Kings and queens, prime ministers and presidents – what are we to say about them?
Some say, “This one’s good – and that one’s not so good.” Others say, “No! It’s the other way round.”
No -one seems to be agree about what makes a good king, a good queen, a good prime minister, a good president – it’s all a matter of opinion!
What are we to make of this? Are we to become cynical – “Everything is politics – doing what needs to be done to reach the top and stay at the top”?
“Everything is politics” – where does this lead us? Does it lead us to a place where politics becomes politricks?
What happens when politics becomes politricks? – Every trick in the book is used to get to the place of power and stay in the place of power!
Is there a better way? Is there a way of life that we need to rediscover?
When we hear the words, “everything is politics”, do we need to say somethings else? – “but politics isn’t everything.”
In the Old Testament, we read about many kings. Some of the kings were good kings. Many of them were bad kings.
What was the difference between the good kings and the bad kings?
The good kings loved the Lord. The bad kings turned away from the Lord.
The good kings led the people to the Lord. The bad kings led the people away from the Lord.
Is this too simple? Can we get on fine without bringing the Bible into everything?
Some will tell us, “Things are more complicated than they were back then.”
We agree, “Things are very different from the days of the Old Testament.”
We read 1 and 2 Samuel. We go on, from there, to 1 and 2 Kings. We continue on into 1 and 2 Chronicles.
We feel that we are in another world – a world that’s very different from today’s world.
We read about the good kings – and we see that they weren’t always good. There may have been good kings and bad guys, but there were no perfect kings.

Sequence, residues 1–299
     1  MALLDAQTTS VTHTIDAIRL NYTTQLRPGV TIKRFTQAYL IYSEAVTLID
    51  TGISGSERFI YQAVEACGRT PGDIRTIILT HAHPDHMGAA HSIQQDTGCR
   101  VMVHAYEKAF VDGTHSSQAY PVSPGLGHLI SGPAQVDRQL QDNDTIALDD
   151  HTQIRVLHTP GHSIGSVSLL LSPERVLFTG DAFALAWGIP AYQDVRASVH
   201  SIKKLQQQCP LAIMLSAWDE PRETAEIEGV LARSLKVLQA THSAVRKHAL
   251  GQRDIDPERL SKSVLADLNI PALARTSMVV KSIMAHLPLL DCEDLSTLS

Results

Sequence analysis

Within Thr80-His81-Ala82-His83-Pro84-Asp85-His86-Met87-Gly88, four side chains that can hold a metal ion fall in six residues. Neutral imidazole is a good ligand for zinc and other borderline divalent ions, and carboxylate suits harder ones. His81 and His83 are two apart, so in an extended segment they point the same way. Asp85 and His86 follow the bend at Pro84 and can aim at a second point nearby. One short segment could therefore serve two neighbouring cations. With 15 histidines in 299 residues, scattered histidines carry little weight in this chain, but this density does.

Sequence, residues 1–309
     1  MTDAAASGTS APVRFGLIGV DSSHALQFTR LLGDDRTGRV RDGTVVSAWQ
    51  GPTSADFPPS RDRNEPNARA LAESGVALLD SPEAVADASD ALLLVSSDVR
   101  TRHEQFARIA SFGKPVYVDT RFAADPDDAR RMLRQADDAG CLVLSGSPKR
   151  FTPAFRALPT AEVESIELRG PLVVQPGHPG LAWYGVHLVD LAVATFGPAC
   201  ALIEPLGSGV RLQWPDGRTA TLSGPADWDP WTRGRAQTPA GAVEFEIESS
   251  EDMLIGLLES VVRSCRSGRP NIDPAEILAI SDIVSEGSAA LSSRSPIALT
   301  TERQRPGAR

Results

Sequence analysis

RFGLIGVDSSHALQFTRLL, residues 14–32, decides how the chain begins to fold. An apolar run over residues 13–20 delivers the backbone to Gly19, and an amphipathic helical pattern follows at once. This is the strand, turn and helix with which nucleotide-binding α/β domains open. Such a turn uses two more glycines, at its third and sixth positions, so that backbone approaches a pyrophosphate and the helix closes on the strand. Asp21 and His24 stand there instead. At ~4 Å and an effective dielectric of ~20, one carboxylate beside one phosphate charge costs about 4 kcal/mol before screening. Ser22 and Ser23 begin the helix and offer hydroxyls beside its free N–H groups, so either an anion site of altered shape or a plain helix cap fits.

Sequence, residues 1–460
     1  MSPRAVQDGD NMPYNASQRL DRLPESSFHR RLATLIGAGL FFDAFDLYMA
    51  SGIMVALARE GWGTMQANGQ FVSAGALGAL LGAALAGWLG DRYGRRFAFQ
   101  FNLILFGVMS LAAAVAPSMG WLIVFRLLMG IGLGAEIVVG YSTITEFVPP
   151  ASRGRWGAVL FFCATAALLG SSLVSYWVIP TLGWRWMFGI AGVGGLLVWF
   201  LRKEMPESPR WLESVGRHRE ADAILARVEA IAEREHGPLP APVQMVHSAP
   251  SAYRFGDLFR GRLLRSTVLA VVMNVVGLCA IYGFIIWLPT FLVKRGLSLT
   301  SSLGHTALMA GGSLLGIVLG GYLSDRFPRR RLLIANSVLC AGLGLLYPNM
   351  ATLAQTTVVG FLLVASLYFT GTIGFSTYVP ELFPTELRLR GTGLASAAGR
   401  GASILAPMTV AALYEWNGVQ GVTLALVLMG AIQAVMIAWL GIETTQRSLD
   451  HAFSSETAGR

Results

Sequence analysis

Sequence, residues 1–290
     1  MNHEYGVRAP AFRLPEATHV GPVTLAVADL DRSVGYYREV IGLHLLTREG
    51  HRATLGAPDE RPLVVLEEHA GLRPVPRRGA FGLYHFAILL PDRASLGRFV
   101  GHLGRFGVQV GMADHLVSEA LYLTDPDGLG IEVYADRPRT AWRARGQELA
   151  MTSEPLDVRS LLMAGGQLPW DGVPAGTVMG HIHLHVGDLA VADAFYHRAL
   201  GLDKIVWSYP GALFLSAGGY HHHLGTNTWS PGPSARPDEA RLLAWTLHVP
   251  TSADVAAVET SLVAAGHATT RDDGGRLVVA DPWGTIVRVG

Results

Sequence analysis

When we speak about good kings and bad kings, we must not give the impression that there are good guys who always get it right, and there are bad guys who will always get it wrong.
What are we saying? – Don’t forget the Lord.
Don’t forget the Lord! This is not just for kings, queens, prime ministers and presidents. It’s for all of us.
We are called to love the Lord. We are called to live for him.
When we hear this call to love the Lord and live for him, let us remember that Jesus loved us and died for us.
When we remember how much Jesus loves us, we will not see ourselves as judges who have the right to pass judgment on others – setting the good guys on a pedestal – they can do no wrong, and dismissing the bad guys – they can do nothing but wrong.
At the cross of Christ, we see the holiness of God and the love of God. In the light of God’s holiness, we see ourselves as bad guys, who need to be saved by the Lord. In the light of God’s love, we see that bad guys can be changed. We can become good guys (not perfect!), who are learning to love the Lord and live for him.
Returning to our starting-point – kings, queens, prime ministers and presidents, what are we to say about them?
May there be less concern with placing them on one side of a great divide – good guys or bad guys, and may thee be more prayer that they might know more of the love that reaches out to them (and us) from the cross of Christ, the love which can change them (and us), making us, more truly and more fully, what the Lord wants us to be.
Our prayer for our kings, queens, prime ministers and presidents, must always begin as a personal prayer: “Make me a channel of Your peace, where there is hatred, let me bring Your love; where there is injury, Your pardon, Lord; and where there’s doubt, true faith in You. … Make me a channel of Your peace, where there’s despair in life, let me bring hope; where there is darkness, only light; and where there’s sadness, ever joy” (Sebastian Temple – hymn based o the prayer of St Francis of Assisi).